There are numerous ways to serve nation and its people. Popularizing and promoting science through vernacular is one of them. As the nation celebrates the Azadi Ka Amrit Mahotsav, marking the 75 glorious years of its Independence, it’s time to remember one of the greatest physicists and mathematician Satyendranath Bose who not only laid the foundation over which the big scientific experiments unraveling the mysteries of Universe are being carried out today but also laid the bedrock of teaching science to the students in mother tongue. Born on January 1, 1894 in Kolkata, his father Surendranath Bose was employed in engineering department of East India Railway. The eldest and only male in the family with seven children, Bose was a multifaceted genius who worked in diverse fields such as chemistry, biology, soil science, mineralogy, philosophy, fine arts, archaeology, literature, and languages.
He was a born genius and his life stands as testimony to this. One incident that speaks of his outstanding capability is that he was awarded 110 marks out of 100 in mathematics test by his school teacher. When asked for an explanation by the headmaster for his unconventional or ‘erroneous’ marking, what one might call it, Bose’s teacher Upendra Bakshi replied, “Satyen had succeeded in the allotted time, in solving all the questions without excluding any of the alternatives.” It simply means Bose had successfully solved all the questions by all the possible methods, that too within the allocated time. This speaks volume about his genius. Bose made a name for himself in school due to his love for science. His mathematical prowess made Bose an outstanding pupil.
Satyendranath began his education at an elementary school in Calcutta before entering the Hindu School in 1907. Later he attended the Presidency College, where another noted scientist Meghnad Saha was his fellow student. Bose came in contact with teachers like Jagdish Chandra Bose and Prafulla Chandra Ray, who inspired him to aim high in life.
As science unfolds the mysteries of the Universe, the accepted view today is that the Universe started with a gigantic explosion called the ‘Big Bang’. For fractions of a second after the Big Bang, the Universe consisted of the most elementary constituents of matter interacting with each other through other particles which are carriers of different kinds of forces existing in nature. And, the carriers of all forces in Nature are ‘bosons’ or the God Particle ‘Higgs-Boson’. British Physicist Peter Higgs of the ‘Higgs-Boson’ is a familiar name in the world of science. However, it is not well known that the term Boson, owes its name to the pioneering work of the late Indian physicist SN Bose. His work on the quantum theory of light provided the foundation for Bose-Einstein Condensates, a new state of matter in which thousands of atoms condense into a single giant atom that behaves like a wave. Particles that follow Bose’s statistics have been named bosons in his honor. Bose is called the ‘Father of the God Particle’. There is no other scientist whose name is linked with Einstein as Bose’s name is in all the textbooks of physics. Albert Einstein’s generalization of Bose’s work led to the system of statistical quantum mechanics, now known as Bose-Einstein statistics.
It would not be wrong if we say that the Bose laid the foundation over which these path-breaking experiments are being carried out today. The Large Hadron Collider (LHC) at the European Organization for Nuclear Research (CERN) was planned with the special aim of detecting the Higgs particle if its mass was below 1000 GeV. CERN, as a result of two experiments, has reported the discovery of a new particle, expected to be the long sought-after Higgs particle.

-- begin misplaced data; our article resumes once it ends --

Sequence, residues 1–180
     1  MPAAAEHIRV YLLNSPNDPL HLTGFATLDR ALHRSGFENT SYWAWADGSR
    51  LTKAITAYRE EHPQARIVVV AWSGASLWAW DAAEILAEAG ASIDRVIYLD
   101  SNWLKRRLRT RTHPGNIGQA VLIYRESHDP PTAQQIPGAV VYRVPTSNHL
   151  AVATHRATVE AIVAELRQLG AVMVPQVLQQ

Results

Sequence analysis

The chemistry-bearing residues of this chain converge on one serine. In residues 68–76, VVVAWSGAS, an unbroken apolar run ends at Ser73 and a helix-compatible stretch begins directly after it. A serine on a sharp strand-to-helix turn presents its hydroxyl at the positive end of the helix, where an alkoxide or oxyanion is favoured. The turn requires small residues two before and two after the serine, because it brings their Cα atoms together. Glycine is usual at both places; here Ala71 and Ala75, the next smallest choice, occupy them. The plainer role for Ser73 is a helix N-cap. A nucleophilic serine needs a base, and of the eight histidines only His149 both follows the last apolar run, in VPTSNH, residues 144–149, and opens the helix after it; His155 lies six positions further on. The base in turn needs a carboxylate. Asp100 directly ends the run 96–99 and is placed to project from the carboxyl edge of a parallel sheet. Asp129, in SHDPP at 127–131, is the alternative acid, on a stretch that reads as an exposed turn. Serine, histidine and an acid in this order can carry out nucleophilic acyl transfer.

[LHC at CERN: The LHC at CERN in Switzerland is the highest-energy particle collider in the world. It is currently the only place scientists can create and study Higgs bosons. ]
While working as a Reader in the Physics Department of the University of Dacca, Bose wrote a paper on a novel way of counting states with identical particles. However, his paper on Planck’s law was not accepted for publication. Not bogged by this and not losing heart, he sent the article directly to Einstein in Germany with a request to help it get published in the leading German-language science journal Zeitschrift fur Physik. In his covering letter to Einstein, Bose wrote “…though a complete stranger to you, I do not feel any hesitation in making such a request. Because we are all your pupils though profiting only by your teachings through your writings…..”
Einstein not only acknowledged the receipt of Bose’s letter but also assured Bose that he would have it published as he regarded it as an important contribution. Einstein himself translated Bose’s paper into German and it was published in August 1924. Einstein applied Bose’s method to give the theory of the ideal quantum gas and predicted the phenomenon of Bose-Einstein condensation.
One of the aspects of Bose’s life was that he was very unconventional. In meetings, conferences, or in any public forums Bose would often close his eyes and people would think that he had fallen asleep. But he used to be alert all the time. To quote S. D. Chatterjee, one of his contemporaries: “The conscious and the unconscious appeared to have a strange deep unity in his restless brain. At a different level of perception, the legend carved out a superb figure of a giant who was engagingly childlike and a man of supreme genius who was entirely human. Often he appeared to be immersed in laziness, but the somnolescence was full of alertness. Once presiding over a lecture of Professor Niels Bohr at the Saha Institute of Nuclear Physics, he had closed his eyes and it seemed that he was asleep. But when Professor Bohr hesitated before the blackboard and said ‘Perhaps professor Bose can help me here, he at once opened his eyes, explained the mathematical point, and seemed to revert to his unseeing meditation. On another occasion, at the same venue, he was presiding over a lecture by Professor Frederic Joliot Curie. After introducing the speaker in English, he closed his eyes as usual. But when Professor Joliot asked for an interpreter to render his speech in French into English and none came forward, Professor Bose opened his eyes, stood up and translated Professor Joliot’s speech into chaste English sentence by sentence.”